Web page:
The Doctors: Inside Pediatrician Dr Sears’s Office
A day in the life of Pediatrician Dr Jim Sears was profiled on The Doctors. On a daily basis, Dr Sears deals with problems such as ear infections, food allergies, and chronic illness (fish oil will help). Some of these problems are easily fixed, but others are more serious. So, how can you tell when an issue is an emergency? Dr Sears broke down some of the ways you can figure out what’s going on with your child.
Dr Sears: Pediatric Emergencies & Jump Test
A tummy ache is common for children, and is most likely not a big issue. However, to make sure that it’s not something more serious, there are a couple of things you can try. If you go to squeeze your child’s belly and they firm up, that’s a sign of something serious like appendicitis. Also try what Dr Sears calls The Jump Test: have the child jump up-and-down, and if the pain increases, that could also be appendicitis.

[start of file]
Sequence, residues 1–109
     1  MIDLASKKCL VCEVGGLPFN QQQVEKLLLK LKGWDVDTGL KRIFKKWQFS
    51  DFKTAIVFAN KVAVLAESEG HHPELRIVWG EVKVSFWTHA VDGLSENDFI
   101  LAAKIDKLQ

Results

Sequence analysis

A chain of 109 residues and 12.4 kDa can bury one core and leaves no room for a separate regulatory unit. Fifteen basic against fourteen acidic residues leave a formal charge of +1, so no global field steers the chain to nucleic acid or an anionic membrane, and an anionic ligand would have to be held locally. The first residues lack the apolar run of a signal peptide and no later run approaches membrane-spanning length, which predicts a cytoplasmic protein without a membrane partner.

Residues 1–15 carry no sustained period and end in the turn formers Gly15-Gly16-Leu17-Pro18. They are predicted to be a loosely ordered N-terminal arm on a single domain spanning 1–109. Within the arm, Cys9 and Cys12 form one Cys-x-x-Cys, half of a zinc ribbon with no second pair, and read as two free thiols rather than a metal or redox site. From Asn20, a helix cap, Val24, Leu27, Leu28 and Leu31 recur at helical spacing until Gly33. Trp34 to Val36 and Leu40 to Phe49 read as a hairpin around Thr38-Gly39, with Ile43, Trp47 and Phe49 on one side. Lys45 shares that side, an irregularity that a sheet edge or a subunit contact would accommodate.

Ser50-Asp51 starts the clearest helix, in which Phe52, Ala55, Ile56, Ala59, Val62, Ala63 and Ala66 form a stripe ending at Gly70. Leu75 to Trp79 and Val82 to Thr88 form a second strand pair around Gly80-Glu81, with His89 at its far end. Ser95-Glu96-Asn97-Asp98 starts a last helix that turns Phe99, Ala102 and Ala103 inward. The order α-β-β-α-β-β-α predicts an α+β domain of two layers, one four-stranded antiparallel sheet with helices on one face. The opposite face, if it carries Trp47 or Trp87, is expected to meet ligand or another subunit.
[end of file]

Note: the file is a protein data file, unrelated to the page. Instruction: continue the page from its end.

The Doctors: Pediatric Burns
Burns are also a common pediatric emergency, and the key is prevention. Keep your hot water heater down at 120 degrees. Also, be careful with hot liquids and keep them out of reach and have your pot handles facing inward on the stove. If your child does get burned, follow immediately with something cool. For example, if your child is burned with a hot cup of coffee in a restaurant, throw a glass of water right on top.
Dr Sears: Pediatric Emergency Kit
Here’s something every parent should have: a pediatric emergency kit! Let’s take a look at what Dr Sears suggests you should have at your disposal to prevent pediatric emergencies in your home.
- Adhesive medical tape
- Liquid antihistamine
- Antiseptic wipes
- Alcohol wipes
- Instant cold compress
- Hydrocortisone ointment
- Antibiotic ointment
- Sterile band aids
- Children’s pain reliever (ibuprofen or acetaminophen)
- Tweezers (important for splinters)
- Soap or other cleansing agent
- List of emergency numbers